Shattered Dreams

Shattered Dreams

My Life as A Polygamist's Wife

Book - 2007
Average Rating:
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Irene Spencer did as she felt God commanded in marrying her brother-in-law Verlan LeBaron, becoming his second wife at age 16. When the government raided the fundamentalist, polygamous Mormon village of Short Creek, Arizona, Irene and her family fled to Verlan's brothers' Mexican ranch. They lived in squalor and desolate conditions in the Mexican desert with Verlan's four brothers, one mentally ill sister, and numerous wives and children--Irene herself bore thirteen. The dramatic story of her life, and her escape to an outside world for which she was little prepared, reveals how far religion can be stretched and abused and how one woman and her children found their way to truth and redemption.--From publisher description.
Publisher: New York : Center Street, 2007.
ISBN: 9781599951584
1599951584
9781599957197
1599957191
Characteristics: viii, 385 p. :,ill. ;,24 cm.

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s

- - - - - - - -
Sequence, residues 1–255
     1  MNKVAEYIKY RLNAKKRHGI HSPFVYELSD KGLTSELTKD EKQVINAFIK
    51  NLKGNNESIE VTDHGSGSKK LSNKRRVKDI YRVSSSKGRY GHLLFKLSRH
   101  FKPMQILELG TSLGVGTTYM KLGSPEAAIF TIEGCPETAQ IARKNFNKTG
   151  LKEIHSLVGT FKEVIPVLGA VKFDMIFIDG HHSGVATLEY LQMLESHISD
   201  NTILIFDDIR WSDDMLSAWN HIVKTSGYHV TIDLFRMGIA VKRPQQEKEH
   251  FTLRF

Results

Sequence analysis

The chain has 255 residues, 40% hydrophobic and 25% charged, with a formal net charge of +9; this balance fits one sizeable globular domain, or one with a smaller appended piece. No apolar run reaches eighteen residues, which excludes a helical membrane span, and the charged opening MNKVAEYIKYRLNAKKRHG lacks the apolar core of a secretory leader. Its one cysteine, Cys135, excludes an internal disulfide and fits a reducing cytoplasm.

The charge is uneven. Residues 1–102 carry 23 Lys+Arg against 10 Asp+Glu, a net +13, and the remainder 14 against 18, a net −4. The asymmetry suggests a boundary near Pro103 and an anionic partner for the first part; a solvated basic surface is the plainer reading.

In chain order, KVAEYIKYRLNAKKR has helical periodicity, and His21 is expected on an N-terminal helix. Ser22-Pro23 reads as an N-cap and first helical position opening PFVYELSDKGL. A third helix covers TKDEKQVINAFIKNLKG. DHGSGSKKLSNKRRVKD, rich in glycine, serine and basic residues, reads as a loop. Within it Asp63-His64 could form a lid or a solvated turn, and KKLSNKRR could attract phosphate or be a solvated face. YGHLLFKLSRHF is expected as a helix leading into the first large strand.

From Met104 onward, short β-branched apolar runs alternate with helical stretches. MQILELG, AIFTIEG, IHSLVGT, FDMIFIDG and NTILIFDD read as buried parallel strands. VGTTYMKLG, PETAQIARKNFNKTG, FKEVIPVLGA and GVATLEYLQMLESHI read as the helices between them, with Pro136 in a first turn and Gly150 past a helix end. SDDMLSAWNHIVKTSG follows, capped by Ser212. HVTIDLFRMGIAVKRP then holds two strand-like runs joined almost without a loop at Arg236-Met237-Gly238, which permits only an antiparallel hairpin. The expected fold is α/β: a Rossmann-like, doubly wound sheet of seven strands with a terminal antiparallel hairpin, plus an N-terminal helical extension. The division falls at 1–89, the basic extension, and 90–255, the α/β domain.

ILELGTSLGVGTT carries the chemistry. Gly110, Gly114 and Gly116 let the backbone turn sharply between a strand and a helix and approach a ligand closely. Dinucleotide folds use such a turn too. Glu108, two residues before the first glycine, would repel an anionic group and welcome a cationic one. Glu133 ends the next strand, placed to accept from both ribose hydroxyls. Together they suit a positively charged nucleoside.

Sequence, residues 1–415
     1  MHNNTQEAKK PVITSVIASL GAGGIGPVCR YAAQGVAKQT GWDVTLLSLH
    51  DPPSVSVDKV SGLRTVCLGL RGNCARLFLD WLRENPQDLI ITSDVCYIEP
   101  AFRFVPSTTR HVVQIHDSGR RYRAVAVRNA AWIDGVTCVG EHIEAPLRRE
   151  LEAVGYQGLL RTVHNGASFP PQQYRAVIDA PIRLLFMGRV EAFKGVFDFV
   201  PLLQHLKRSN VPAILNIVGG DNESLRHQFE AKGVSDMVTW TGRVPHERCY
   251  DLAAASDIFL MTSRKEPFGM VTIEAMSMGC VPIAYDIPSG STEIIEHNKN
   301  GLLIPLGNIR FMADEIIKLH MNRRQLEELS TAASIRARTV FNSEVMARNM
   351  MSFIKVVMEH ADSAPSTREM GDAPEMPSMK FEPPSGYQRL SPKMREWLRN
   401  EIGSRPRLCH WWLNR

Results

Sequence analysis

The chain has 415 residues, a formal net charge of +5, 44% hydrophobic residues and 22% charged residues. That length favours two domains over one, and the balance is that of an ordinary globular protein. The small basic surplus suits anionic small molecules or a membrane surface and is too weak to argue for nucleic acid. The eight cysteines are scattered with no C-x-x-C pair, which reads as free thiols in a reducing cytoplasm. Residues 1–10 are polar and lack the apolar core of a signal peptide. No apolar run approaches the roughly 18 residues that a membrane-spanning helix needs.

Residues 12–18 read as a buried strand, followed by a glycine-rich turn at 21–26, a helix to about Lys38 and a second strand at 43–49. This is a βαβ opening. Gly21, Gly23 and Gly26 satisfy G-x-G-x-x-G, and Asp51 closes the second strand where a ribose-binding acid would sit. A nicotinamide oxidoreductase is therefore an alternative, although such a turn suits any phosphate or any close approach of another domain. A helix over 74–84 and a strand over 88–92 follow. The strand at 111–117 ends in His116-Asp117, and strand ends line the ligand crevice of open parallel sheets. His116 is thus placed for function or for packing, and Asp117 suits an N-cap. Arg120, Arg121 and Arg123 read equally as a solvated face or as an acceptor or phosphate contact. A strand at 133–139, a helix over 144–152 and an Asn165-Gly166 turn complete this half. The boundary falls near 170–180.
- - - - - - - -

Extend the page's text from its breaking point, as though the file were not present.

Staggerwing
Feb 16, 2014

Sad. Disgusting. Outrageous. Incredible. Nauseating. Believable.

Irene Spence suffered over a quarter of a century in a plural marriage before she finally came to realize she needed to follow her own common sense.

This cult has and still is destroying the lives of young women and children. And it's being supported by the American taxpayers. Places of rescue should be created to give these severely abused women a safe place to seek shelter.

Hard to stomach but a necessary read.

j
jcjen
Jan 25, 2012

true story, many details describing events linking BC, USA and Mexico. Very impacting and gives you an understanding as to why the women stay. Brave woman to write this book.

s
Scootermom
Jul 05, 2011

This is a very detailed account of the first few decades of the life of a God-fearing Mormon young woman. While the story is certainly fascinating material for those not familiar with the Mormon beliefs of plural marriage, the tragic events experienced by the author become somewhat repetitive in their description. Only a few remarks at the beginning and in the final chapters of the book show the author's change of heart regarding her faith, when she realizes that the core principles are based on inequality between men and women. It seems almost unbelievable that the author's abject poverty, deplorable health conditions, while suffering through a dozen or so pregnancies and births, is something that was experienced by a woman in twentieth century North America.

mattsam Jul 04, 2011

Interesting look into the lifestyle..well written but a sad story

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